Next month German metal “collective” the Ocean release their fifth album Anthropocentric. It follows Heliocentric, which came out earlier this year. They consider it the second installment of a two-part series critiquing Christianity from different angles. From the opening title track onward, the new one’s heavier, denser, rawer, dirtier than Heliocentric. There clean, melodic singing’s not as upfront (and there’s more of the gruff stuff). The interludes involve unending guitar builds instead of pianos and strings. (Though, there are some strings, clean female vocals.) The Ocean won’t stop being the Ocean (i.e. exploratory), but the critique’s growing more intense. (I prefer Anthro to Helio.) If you’re familiar with the band, you know that thematically, they enjoy digging into the conceptual and intellectual. On Anthropocentric the bigger sound integrates even bigger references (e.g. Dostoyevsky). Songwriter and guitarist/electronics whiz Robin Staps explains:
As far as the concepts behind Anthropocentric are concerned, the focus is on man and his place in the universe: at the center, as many fundamental Christians still claim today, or more likely a dust particle in its periphery? All lyrics are circling around this question. Anthropocentric will continue the critique of christianity, inspired by the questions that Dostoyevsky asked and some of the answers that Friedrich Nietzsche and Richard Dawkins gave.
The three songs with the “The Grand Inquisitor” tag were inspired by the chapter of the same name in The Brothers Karamazov. If you haven’t read it and can’t find the Cliff Notes this morning, the band is focusing on the story Ivan tells Alyosha about “a Second Coming of Christ in 16th century Sevilla.” To quote the Ocean-approved summary:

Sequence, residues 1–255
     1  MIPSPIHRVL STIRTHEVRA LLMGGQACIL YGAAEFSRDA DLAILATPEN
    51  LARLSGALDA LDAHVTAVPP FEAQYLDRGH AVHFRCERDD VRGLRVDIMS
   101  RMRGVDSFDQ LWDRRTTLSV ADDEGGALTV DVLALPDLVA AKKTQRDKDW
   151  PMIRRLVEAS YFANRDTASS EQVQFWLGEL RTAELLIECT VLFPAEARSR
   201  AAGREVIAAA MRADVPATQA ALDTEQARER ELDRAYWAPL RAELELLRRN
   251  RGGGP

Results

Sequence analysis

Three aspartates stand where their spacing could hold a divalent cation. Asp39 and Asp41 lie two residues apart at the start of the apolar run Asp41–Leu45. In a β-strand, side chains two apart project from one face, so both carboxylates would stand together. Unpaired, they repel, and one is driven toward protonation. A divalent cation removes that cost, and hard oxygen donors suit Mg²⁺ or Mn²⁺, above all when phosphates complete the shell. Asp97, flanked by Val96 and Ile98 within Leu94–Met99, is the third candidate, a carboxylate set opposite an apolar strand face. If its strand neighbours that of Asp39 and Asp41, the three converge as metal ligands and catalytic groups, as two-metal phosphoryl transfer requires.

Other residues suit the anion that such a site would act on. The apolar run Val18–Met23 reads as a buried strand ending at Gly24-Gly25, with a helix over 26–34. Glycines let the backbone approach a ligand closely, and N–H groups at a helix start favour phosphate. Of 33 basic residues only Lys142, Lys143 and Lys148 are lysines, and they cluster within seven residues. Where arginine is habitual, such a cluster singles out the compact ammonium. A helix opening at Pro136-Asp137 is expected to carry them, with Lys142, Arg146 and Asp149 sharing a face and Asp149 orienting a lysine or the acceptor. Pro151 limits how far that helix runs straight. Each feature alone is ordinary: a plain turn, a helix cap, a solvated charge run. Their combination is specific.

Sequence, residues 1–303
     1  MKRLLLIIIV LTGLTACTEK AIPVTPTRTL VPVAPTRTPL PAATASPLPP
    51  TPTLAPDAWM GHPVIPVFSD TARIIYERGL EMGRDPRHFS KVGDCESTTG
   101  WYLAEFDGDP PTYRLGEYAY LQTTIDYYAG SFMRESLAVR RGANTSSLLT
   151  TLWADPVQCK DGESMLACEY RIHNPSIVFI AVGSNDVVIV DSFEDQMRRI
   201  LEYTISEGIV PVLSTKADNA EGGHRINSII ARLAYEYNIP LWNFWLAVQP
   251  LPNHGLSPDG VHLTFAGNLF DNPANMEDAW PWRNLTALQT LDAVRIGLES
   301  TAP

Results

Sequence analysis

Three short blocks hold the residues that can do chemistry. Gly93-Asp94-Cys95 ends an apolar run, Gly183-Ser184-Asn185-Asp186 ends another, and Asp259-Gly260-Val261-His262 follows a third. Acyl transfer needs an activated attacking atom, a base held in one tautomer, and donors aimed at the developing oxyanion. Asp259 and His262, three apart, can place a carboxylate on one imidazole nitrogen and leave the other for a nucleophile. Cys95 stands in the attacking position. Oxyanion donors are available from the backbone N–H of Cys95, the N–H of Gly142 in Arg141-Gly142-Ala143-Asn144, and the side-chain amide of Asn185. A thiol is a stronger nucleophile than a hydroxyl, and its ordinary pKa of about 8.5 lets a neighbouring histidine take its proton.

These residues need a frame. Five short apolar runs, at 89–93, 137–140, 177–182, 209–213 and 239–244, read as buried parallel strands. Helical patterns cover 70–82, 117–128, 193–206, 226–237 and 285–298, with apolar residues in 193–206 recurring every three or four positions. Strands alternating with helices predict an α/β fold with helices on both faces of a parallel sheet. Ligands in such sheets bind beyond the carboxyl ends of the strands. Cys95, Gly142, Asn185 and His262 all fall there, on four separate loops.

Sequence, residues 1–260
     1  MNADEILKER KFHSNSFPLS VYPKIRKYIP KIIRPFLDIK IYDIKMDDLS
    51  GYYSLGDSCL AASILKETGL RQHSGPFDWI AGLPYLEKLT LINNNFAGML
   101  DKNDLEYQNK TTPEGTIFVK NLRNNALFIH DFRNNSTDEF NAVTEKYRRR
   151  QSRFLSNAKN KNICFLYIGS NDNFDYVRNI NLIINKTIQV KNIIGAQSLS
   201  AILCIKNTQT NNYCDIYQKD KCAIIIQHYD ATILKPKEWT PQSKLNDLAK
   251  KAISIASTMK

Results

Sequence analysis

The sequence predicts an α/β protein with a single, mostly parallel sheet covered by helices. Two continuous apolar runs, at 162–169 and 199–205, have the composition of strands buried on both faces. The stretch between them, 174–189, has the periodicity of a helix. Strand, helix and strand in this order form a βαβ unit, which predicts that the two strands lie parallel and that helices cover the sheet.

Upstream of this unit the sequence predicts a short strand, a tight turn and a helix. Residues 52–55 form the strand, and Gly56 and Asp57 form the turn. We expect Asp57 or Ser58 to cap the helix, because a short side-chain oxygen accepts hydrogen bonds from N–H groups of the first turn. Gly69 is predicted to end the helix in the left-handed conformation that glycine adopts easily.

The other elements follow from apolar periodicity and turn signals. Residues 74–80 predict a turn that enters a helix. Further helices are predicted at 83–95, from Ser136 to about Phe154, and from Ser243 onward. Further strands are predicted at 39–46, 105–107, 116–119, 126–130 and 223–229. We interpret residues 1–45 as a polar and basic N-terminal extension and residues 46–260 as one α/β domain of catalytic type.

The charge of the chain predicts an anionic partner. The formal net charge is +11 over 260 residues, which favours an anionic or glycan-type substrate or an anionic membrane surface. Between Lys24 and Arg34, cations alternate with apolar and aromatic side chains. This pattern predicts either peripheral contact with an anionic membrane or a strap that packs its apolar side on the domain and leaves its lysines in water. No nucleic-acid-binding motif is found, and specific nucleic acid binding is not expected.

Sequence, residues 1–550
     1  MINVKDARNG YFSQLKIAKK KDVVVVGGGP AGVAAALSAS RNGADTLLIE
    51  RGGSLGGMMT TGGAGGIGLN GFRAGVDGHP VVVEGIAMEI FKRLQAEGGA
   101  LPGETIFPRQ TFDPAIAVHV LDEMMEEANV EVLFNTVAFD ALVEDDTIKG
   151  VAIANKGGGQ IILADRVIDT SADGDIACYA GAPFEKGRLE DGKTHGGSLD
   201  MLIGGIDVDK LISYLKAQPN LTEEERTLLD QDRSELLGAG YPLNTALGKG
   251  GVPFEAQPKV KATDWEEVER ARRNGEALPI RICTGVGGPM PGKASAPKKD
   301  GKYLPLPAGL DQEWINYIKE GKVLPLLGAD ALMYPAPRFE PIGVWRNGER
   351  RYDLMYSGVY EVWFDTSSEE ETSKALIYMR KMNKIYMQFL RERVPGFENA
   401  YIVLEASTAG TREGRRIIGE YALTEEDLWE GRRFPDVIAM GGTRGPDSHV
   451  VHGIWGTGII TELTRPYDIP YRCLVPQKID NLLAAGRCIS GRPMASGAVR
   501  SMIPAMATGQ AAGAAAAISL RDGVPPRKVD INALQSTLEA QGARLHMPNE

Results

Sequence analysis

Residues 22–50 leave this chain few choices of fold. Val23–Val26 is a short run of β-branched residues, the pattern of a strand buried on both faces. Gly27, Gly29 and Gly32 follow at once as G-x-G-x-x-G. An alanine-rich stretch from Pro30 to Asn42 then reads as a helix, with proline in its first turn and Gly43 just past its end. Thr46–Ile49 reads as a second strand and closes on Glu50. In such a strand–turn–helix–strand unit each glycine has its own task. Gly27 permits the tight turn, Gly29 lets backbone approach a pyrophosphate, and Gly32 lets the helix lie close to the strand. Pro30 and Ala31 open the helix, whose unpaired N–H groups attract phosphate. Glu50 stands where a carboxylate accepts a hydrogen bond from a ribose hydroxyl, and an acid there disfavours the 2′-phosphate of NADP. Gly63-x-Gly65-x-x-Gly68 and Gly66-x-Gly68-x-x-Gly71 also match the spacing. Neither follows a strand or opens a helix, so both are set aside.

According to this parable, Jesus is arrested by the Catholic inquisition. The grand inquisitor who interrogates Jesus casts a new light on the legend of the temptation of Christ: he reproaches Jesus with having betrayed humanity and having deprived man of salvation by offering him freedom. The conversation between Ivan and Alyoscha mirrors, to some degree, the conversation between the grand inquisitor and Christ and raises more questions than it answers.
“The Grand Inquisitor II: Roots & Locusts” gives you a bit of all of the above:
02 “The Grand Inquisitor I: Karamazov Baseness”
03 “She was the Universe”
04 “For He that Wavereth…”
05 “The Grand Inquisitor II: Roots & Locusts”
06 “The Grand Inquisitor III: A Tiny Grain of Faith”
07 “Sewers of the Soul”
08 “Wille Zum Untergang”
09 “Heaven TV”
10 “The Almightiness Contradiction”
Anthropocentric is out 11/9 via Metal Blade. You can pre-order it now. It’s the first album that finds all of the core band members helping with songwriting. As far as guests, they’ve kept it to six classical players on the final track.